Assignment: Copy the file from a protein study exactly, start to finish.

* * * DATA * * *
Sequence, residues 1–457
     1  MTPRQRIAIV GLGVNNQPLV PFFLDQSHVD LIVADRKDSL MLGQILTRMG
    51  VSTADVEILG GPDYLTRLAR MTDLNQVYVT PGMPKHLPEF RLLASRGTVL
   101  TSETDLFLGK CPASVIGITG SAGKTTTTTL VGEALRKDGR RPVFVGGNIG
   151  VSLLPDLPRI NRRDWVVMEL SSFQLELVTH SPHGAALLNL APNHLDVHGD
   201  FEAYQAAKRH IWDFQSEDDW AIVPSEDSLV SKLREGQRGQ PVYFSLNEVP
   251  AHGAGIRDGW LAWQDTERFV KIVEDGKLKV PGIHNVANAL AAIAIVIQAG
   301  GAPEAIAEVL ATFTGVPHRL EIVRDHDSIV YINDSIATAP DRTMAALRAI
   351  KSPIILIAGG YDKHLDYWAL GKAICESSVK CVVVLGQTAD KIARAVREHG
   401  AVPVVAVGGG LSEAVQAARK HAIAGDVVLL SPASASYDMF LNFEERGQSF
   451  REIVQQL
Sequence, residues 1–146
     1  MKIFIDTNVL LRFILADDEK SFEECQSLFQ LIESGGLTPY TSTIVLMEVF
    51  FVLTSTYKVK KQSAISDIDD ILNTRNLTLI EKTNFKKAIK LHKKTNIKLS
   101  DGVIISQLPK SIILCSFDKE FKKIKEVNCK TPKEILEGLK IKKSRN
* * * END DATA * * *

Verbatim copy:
Sequence, residues 1–457
     1  MTPRQRIAIV GLGVNNQPLV PFFLDQSHVD LIVADRKDSL MLGQILTRMG
    51  VSTADVEILG GPDYLTRLAR MTDLNQVYVT PGMPKHLPEF RLLASRGTVL
   101  TSETDLFLGK CPASVIGITG SAGKTTTTTL VGEALRKDGR RPVFVGGNIG
   151  VSLLPDLPRI NRRDWVVMEL SSFQLELVTH SPHGAALLNL APNHLDVHGD
   201  FEAYQAAKRH IWDFQSEDDW AIVPSEDSLV SKLREGQRGQ PVYFSLNEVP
   251  AHGAGIRDGW LAWQDTERFV KIVEDGKLKV PGIHNVANAL AAIAIVIQAG
   301  GAPEAIAEVL ATFTGVPHRL EIVRDHDSIV YINDSIATAP DRTMAALRAI
   351  KSPIILIAGG YDKHLDYWAL GKAICESSVK CVVVLGQTAD KIARAVREHG
   401  AVPVVAVGGG LSEAVQAARK HAIAGDVVLL SPASASYDMF LNFEERGQSF
   451  REIVQQL
Sequence, residues 1–146
     1  MKIFIDTNVL LRFILADDEK SFEECQSLFQ LIESGGLTPY TSTIVLMEVF
    51  FVLTSTYKVK KQSAISDIDD ILNTRNLTLI EKTNFKKAIK LHKKTNIKLS
   101  DGVIISQLPK SIILCSFDKE FKKIKEVNCK TPKEILEGLK IKKSRN